Saturday, June 01, 2013

Reflections on Immigration

Nicas waiting in line to return to Costa Rica for work after spending December back home

"Have you tried this sweet bread?"

"No."

"It's not very good. [pause] It's from Nicaragua."

About ten minutes after overhearing this conversation come from my host kitchen I was having an in depth discussion about the role of immigrants and other cultures in Costa Rica. The boyfriend of one of my host sisters and I covered many topics ranging from international economics and politics to the subtle shifts in ownership of San Ramón's corner stores over the last decade (they have largely been bought by Chinese immigrants as an outcome of the lengthening diplomatic relationship between China and Costa Rica and the resulting immigration policy that has been established).

Last year I met a woman at tourist mecca Manuel Antonio National Park who carried trinkets and earthen vases with painted toucans and monkeys to sell to white folk. We spoke for a while as she discussed with our group the various items that she had for sale. In between showings and price negotiations I came to find that she is a Nica--or Nicaraguan--and comes to Manuel Antonio for several months out of the year to sell these items in order to send money back to Nicaragua where her children live with her parents (her husband also works in Costa Rica). She is given a provisional work visa to be in the country but then must return home for several days for it to be renewed before she is allowed to enter and work again. In general, Nicas are poorer, darker skinned, and make up a large part of Costa Rican's migrant worker class. This particular woman lived in a small dorm with many other Nicas who worked around the park.

As you might imagine, Costa Ricans have a tendency to look down on Nicaraguans. I remember two years ago how the boys on the street would rile up one of the Nica boys by calling him and his little brother homeless and saying, "Your country didn't want you and neither do we!" The only thing I could think to do was to cross the circle of boys in order to very clearly and intentionally stand by them and talk with them in front of the group as a show of solidarity.

It seems like a lot of the people that discuss immigration issues will only talk about the United States's immigration realities. It makes sense because I live in the US and interact mostly there, but the story above of a migrant worker class of the dark skinned could switch out "Nica" for "Mexican" and "Manuel Antonio National Park" for "Tyson Foods, Lexington, NE" without missing a beat. In Europe, thousands of Africans attempt to sail across to Spain's mainland or to the Canary Islands in the hopes of finding work and a better life. Mexico is a corridor for many Central Americans trying to reach the United States, and when they inevitably fail as many of them will they remain in Mexico. Brazil is looking into building a 10,000 mile fence to keep out illegal immigrants and drugs from Bolivia and Paraguay.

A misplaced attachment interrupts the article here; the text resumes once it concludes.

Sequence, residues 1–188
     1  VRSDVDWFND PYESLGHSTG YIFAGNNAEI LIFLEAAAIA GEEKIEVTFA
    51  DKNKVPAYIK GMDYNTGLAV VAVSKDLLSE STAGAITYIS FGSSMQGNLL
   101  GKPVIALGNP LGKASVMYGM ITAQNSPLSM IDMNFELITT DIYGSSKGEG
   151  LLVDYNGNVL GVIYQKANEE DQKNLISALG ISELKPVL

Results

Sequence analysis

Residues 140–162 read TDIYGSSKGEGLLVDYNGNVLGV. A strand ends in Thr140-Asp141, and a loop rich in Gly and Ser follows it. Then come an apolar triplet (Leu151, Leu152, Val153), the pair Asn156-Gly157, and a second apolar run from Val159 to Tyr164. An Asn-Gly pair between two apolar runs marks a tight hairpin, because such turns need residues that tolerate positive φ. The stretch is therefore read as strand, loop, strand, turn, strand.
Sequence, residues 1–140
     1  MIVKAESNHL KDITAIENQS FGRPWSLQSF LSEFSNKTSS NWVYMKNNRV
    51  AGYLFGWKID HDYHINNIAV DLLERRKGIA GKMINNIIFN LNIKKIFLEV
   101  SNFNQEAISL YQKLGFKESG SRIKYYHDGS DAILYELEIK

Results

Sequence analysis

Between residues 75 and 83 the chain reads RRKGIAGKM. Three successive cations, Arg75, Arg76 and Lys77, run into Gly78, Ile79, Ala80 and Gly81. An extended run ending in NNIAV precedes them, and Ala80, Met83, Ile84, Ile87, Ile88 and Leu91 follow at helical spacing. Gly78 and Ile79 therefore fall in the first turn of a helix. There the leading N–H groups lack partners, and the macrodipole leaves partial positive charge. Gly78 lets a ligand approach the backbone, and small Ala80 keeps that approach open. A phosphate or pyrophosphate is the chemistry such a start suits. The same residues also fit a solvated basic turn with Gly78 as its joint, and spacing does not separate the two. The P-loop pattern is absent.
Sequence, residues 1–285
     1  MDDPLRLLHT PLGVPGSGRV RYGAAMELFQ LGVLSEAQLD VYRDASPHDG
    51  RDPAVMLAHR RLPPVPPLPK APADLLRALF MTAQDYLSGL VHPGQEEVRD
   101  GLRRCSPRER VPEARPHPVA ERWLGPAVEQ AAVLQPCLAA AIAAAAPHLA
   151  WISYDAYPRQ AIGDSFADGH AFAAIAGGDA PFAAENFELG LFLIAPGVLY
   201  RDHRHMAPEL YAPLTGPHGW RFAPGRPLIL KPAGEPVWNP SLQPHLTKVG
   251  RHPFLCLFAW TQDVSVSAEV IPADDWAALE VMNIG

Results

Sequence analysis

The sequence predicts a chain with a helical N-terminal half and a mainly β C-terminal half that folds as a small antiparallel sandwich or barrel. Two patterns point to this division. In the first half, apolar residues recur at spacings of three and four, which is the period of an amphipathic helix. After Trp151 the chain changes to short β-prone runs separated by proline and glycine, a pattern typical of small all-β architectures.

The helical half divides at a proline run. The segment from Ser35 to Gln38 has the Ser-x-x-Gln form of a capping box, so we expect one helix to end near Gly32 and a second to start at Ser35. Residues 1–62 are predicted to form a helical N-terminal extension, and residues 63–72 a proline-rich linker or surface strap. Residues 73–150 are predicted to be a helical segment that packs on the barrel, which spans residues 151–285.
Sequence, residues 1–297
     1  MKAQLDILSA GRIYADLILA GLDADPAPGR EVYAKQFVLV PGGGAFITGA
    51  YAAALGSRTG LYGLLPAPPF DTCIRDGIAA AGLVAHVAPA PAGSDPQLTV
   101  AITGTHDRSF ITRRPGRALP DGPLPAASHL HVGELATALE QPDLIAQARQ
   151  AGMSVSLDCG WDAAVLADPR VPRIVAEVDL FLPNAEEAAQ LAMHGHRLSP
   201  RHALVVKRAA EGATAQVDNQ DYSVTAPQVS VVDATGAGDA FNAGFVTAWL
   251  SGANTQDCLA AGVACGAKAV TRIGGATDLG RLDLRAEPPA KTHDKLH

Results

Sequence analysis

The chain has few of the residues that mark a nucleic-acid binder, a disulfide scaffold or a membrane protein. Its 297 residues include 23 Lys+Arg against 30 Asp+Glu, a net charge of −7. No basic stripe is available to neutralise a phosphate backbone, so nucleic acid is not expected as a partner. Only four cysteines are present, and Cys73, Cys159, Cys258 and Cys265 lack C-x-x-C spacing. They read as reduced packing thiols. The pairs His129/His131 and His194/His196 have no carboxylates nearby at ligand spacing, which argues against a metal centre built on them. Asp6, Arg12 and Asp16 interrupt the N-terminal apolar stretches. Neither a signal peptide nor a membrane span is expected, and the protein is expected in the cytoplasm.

Immigration is not a USA-centric phenomenon. It is a world phenomenon wherever the haves and the have-nots sit abreast. As I was listening to the conversation happen in the kitchen outside of my room, it made me think of Imagined Communities, a book I read on this trip last year about the ways we conceive of our nation, the ways be construct our identity around land and culture, and the ways that we remind ourselves of our nation's innateness. Wasn't the implication in the conversation that the sweet bread wasn't good--not due to a less skilled baker or an inferior recipe--simply because it wasn't Costa Rican?

I think the temptation when discussing immigration is to [not so] discretely boast about our nation's attractiveness or superiority in the mirror of the other's need for us. "Wow, look at all these immigrants! We are so attractive! Our country is so great!" We say this in more indirect ways, of course, like when we bring up the American Dream as if it were a concept that is ours to control and assign to others. It's vanity, and it ignores the real reason anyone would travel hundreds, thousands miles from home, family, and community: poverty. The dream of wealth and comfort may drive some to venture to the United States, but more often than not it is poverty that moves immigration--especially for the low-wage migrant worker. Otherwise, the Africans would be crossing the Atlantic and the Paraguayans a dozen countries.

I believe that today's immigrants (the tired, the poor, the huddled masses) are looking for food and not ideology. At one time there were many yearning to breathe free, and indeed still today refugees and asylum seekers need that woman and that beacon in NY harbor, but what about the impoverished? Do they need freedom or just an odd job doing construction so that they can send money back to the Mrs and kids? The point is that immigrants trying to escape poverty will go wherever the closest place is that may relieve that poverty. The Costa Ricas, Spains and United States' of the world will continue to be attractive not on the basis of ideology or inherent goodness but on the basis of the potential for the basic needs of life to be satisfied.

If we make it out to be more than that, we're just not going to enjoy the sweet bread for what it is.

1 comment:

David Chambers said...

Very interesting observations!